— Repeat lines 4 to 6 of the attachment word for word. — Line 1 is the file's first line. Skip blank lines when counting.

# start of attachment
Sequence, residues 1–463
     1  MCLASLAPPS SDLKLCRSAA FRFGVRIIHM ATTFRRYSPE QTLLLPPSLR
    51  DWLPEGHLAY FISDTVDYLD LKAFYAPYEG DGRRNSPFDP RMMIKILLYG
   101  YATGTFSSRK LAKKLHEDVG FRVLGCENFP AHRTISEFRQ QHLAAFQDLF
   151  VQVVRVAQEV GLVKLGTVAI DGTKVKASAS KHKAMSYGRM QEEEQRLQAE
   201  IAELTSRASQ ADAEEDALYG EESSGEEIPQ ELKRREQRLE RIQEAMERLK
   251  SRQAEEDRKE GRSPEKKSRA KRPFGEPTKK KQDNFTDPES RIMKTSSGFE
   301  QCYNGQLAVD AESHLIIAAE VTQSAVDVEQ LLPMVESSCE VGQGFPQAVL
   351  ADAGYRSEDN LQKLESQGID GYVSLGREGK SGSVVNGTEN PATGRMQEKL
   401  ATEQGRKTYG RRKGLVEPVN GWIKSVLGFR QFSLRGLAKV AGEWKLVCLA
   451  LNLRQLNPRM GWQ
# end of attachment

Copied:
   101  YATGTFSSRK LAKKLHEDVG FRVLGCENFP AHRTISEFRQ QHLAAFQDLF
   151  VQVVRVAQEV GLVKLGTVAI DGTKVKASAS KHKAMSYGRM QEEEQRLQAE
   201  IAELTSRASQ ADAEEDALYG EESSGEEIPQ ELKRREQRLE RIQEAMERLK